‘Batman: The Long Halloween’ Deluxe Edition Brings the Entire Epic to 4K [Review]
[Warner Bros. Home Entertainment provided Halloween Daily News with a free copy of the 4K release reviewed in this article. The opinions the author shares are are his own.]
Last year’s epic two-part animated adaptation of Batman: The Long Halloween has been re-released as one feature film in a new Deluxe Edition, available now for the first time on 4K Ultra HD.
Originally published in 1996-1997, the 13-issue comic book story The Long Halloween, by writer Jeph Loeb and artist Tim Sale, follows a serial killer who murders people on every holiday for a year, from Halloween to the next Halloween, and it also features many of Batman’s iconic villains as he investigates the murders over the course of that year. It’s still early in Batman’s crimefighting career and this is his toughest case so far, the first that can’t be solved by brute force and drive.
Introducing a mysterious and fascinating new villain, while also showcasing many of Batman’s most infamous enemies, The Long Halloween is at its core the revelation of how Gotham City morphed from a place run by organized crime that killed Bruce Wayne’s parents to a twisted town run by disfigured freaks.
While you can read my full review of The Long Halloween Part One here and my review of The Long Halloween Part Two here, the combined cut clocks in with a runtime of two hours and 48 minutes, which flies by as each holiday progresses to the next and viewers, as well as the residents of Gotham, know all too well that another killing is coming.
The film works like an anthology of interconnected Batman tales, each taking place on a different holiday, making it ideal viewing for any season, but especially right for autumn.
The Long Halloween Part One‘s first act takes place on Halloween Night, and it is packed with appropriate atmosphere, kicking off with a beautiful tone-setting shot of a lit jack-o’-lantern and blood behind the film’s title as it appears. The opening credits are accompanied by actual panels from the source comic books, intercut with a montage setting the stage for the first known kill of a mystery villain who will soon be known only as Holiday.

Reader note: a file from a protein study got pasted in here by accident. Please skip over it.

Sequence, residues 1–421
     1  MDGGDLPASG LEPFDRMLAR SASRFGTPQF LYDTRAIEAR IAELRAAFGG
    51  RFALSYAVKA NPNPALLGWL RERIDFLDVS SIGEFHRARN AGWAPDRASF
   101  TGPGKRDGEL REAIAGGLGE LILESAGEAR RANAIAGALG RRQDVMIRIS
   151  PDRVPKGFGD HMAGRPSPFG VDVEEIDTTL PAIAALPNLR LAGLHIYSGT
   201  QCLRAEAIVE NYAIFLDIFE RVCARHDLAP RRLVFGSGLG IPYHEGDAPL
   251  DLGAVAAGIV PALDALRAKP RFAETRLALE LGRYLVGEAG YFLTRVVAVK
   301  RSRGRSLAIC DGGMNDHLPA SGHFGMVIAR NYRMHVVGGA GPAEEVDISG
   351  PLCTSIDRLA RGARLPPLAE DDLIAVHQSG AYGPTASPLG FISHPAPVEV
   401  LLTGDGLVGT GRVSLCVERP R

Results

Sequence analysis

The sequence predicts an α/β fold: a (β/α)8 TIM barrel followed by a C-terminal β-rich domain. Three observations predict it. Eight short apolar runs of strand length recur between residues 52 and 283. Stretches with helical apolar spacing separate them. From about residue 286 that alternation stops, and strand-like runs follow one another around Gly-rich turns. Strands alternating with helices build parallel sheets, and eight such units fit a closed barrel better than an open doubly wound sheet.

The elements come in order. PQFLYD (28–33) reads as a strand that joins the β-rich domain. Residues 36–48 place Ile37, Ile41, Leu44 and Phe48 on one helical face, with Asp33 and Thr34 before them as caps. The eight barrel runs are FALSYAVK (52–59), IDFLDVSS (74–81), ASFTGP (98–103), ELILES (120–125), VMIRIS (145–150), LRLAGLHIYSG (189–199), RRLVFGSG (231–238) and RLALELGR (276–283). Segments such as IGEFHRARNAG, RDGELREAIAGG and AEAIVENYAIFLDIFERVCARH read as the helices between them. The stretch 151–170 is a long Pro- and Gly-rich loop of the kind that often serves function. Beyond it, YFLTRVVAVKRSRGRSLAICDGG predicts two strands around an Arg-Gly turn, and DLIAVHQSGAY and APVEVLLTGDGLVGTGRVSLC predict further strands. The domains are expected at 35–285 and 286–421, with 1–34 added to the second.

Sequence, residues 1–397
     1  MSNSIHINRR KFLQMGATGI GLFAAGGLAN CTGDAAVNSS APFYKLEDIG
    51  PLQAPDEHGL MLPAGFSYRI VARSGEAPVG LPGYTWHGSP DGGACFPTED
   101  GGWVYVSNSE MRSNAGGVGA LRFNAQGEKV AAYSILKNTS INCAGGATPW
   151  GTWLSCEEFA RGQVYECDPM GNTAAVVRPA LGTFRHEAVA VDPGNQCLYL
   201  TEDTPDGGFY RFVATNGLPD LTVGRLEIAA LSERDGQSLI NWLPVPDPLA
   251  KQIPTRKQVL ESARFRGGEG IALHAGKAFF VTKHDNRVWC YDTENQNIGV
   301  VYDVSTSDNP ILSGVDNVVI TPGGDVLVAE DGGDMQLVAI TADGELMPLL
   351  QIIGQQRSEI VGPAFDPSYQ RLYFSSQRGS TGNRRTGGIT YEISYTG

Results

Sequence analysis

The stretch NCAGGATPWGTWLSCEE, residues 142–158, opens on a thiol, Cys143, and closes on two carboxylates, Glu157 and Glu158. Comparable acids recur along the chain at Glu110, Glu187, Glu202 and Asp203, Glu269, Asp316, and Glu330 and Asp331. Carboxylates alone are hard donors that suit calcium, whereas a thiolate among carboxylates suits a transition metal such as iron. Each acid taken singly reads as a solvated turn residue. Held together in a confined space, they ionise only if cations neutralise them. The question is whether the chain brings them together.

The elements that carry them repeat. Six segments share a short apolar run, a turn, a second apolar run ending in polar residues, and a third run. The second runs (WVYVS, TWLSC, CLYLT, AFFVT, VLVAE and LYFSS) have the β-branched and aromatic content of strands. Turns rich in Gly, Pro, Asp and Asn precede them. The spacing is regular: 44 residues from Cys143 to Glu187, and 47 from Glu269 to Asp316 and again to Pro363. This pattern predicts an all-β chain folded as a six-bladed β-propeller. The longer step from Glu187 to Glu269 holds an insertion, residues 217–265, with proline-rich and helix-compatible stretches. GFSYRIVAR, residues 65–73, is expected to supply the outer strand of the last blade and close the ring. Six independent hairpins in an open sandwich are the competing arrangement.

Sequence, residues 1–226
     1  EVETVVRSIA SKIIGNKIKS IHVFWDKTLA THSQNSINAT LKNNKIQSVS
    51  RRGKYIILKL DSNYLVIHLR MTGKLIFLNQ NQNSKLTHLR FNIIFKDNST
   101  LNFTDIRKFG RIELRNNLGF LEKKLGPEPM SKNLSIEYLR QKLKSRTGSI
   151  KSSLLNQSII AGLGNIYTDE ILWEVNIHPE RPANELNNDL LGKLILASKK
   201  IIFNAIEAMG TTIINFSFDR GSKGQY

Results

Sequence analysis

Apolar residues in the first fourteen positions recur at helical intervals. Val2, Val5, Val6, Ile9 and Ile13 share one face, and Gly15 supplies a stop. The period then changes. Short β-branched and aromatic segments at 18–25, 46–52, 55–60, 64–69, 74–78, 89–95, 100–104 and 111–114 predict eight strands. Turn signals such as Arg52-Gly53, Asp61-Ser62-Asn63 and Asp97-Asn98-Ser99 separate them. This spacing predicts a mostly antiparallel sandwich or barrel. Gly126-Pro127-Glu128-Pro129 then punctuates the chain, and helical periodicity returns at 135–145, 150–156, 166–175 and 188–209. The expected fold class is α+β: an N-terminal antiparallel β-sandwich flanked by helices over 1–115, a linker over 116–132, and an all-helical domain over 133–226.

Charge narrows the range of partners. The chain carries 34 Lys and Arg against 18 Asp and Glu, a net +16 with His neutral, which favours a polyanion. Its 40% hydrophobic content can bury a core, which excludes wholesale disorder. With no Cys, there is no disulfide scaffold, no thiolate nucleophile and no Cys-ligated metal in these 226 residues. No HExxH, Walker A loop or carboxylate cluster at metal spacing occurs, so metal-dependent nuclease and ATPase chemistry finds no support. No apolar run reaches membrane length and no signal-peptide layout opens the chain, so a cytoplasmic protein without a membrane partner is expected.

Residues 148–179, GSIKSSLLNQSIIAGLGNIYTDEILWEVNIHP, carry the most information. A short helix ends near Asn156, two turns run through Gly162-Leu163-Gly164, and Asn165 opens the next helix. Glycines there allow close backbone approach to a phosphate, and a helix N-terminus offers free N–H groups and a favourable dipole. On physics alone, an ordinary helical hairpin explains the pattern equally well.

We meet all of the main characters through how they are each spending the holiday. Bruce Wayne, voiced by Jensen Ackles, is at home with Alfred (played by Alastair Duncan), stating that it’s an absurd holiday, to which Alfred responds, “Ah yes, putting on costumes and striking fear. Quite absurd.” Bruce’s alter ego has a more lively All Hallows’ Eve, however, as Batman has a high flying night with Catwoman, voiced by the late Naya Rivera.
Played by Billy Burke, James Gordon, who is a Gotham City Police captain at this point in his career, is at home about to take his kids trick or treating. It’s notable that Gordon’s daughter, Barbara (the future Batgirl) is dressed as a Gotham Police officer, while his son, James is dressed as a ghost. But they don’t make it out the door before Gordon is called in to work the murder of a member of the Falcone crime family.
District Attorney Harvey Dent, voiced by Josh Duhamel, comes home to his wife, Gilda, played by Julie Nathanson, who is depressed and not feeling much Halloween spirit. At one point, she tells Harvey, “You have a love/hate relationship with everything,” just before he sees the bat symbol in the distant skyline.
On that Halloween Night, Batman meets with Gordon and Dent on a rooftop and they make a fateful pact to find the killer. Gordon even tells them to “bend the rules, but don’t break them.” Later that night, it’s ironically Batman who suggests that Harvey let a coin flip decide just how far he’s willing to “bend” the rules.